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Richard Rogers Exhibition & Opening
March 15 @ 9:00 am - 4:00 pm
Join Richard Rogers to celebrate the opening of his exhibition on Friday 12 March, 5-7 pm. Light refreshments will be served.
Richard Rogers was born and raised in Gisborne and then went on to complete Teacher Training at Ardmore Teacher’s College, where Art was his major – this led to forty years of art teaching at Lytton High School in Gisborne. Over this time, he was painting, sculpting, travelling and visiting museums and galleries – wherever his family travelled.
Being practical is an element that Richard feels is a major part of what it is to be an artist, working with different materials and getting them to be part of the intended form. Solving the problem requires creative thinking, whether you are a painter, sculptor, printmaker or designer. Primarily as an artist he sees little difference in what you are doing, it is just the media and process that varies and the possibilities that they might suggest.
Richard works in series but often skips around, revisiting themes whilst trying to produce artworks that are original and unique. He has recently been exploring a cubist style – which is not surprising as Picasso and Cezanne are huge influences. “Pushing pigment and oil around as our forebears did, 30+ thousand years ago, is grounding, a real privilege and a connection with our most primal.” Picasso has been inspirational in that his philosophy dictates that there are no boundaries – borrow from here, take from there. He once said,” When I am shown a portfolio of old drawings, for instance, I have no qualms about taking anything I want from them.”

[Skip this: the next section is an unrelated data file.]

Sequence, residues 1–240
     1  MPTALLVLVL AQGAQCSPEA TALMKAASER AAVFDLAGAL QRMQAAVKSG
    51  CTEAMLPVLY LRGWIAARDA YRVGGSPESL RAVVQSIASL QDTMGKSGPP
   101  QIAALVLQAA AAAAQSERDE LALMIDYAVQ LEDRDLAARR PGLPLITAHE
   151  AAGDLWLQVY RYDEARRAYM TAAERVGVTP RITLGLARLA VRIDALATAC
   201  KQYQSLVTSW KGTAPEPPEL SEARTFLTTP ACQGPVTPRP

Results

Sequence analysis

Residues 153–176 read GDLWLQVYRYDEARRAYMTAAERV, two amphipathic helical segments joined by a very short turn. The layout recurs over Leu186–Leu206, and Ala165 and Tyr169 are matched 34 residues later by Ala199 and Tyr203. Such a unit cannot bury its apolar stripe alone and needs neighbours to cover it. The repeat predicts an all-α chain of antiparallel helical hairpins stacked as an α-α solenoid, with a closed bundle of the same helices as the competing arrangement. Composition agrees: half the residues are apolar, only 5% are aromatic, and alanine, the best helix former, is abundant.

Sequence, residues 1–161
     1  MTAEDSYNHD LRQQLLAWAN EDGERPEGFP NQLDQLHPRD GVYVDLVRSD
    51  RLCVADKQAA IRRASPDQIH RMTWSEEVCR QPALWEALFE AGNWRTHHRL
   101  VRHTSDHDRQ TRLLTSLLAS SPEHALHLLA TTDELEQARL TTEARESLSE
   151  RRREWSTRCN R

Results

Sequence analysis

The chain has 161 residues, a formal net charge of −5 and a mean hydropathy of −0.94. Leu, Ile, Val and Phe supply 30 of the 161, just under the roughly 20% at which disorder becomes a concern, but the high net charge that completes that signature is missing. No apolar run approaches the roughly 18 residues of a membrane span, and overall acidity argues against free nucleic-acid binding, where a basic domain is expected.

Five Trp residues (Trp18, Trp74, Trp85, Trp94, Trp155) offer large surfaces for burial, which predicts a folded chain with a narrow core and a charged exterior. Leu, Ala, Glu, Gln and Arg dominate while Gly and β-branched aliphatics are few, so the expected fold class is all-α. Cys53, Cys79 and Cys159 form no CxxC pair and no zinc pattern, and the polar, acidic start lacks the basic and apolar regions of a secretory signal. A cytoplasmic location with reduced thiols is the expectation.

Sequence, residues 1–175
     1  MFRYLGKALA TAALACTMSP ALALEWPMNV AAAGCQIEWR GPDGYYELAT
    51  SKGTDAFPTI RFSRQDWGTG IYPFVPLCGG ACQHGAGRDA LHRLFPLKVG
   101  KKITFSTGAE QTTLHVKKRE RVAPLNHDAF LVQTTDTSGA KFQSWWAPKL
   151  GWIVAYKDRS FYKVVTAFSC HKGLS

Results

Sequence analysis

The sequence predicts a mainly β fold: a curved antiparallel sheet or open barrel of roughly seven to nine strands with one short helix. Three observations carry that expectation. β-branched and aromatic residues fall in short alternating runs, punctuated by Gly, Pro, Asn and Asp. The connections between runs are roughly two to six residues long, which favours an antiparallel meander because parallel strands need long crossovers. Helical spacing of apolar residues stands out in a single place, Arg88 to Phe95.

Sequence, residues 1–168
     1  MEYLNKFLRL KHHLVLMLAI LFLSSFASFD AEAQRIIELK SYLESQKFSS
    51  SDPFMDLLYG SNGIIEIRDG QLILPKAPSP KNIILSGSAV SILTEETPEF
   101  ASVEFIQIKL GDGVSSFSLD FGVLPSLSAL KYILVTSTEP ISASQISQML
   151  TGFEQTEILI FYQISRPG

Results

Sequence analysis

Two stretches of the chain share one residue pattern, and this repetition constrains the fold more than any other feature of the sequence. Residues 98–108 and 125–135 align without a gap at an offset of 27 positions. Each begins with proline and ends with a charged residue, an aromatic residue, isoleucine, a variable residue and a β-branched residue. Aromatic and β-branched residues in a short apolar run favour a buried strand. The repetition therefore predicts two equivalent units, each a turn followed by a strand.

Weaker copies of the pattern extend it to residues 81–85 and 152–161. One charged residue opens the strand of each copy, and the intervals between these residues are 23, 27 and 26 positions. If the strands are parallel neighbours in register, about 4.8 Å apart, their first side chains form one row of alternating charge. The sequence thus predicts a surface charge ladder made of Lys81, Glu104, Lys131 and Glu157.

Richard admits to being organic in his approach, “I am not technically efficient enough, or able to invest the amount of time, to make works that are perfect” – technical perfection can seem soulless and sterile and having the media talk in your work is part of the process. Being able to decipher how the artist created the effect, the painting, is one of the joys of viewing work and realising the possibilities. Art is what is important, adding religion, cultural boundaries, rules and laws creates restrictions. However, it is these boundaries and processes that fuel rebellions, new beginnings and the desire to be different and original.
The works on display have been created over the last 4-5 years and use materials such as mixed-media constructions, canvas and oils.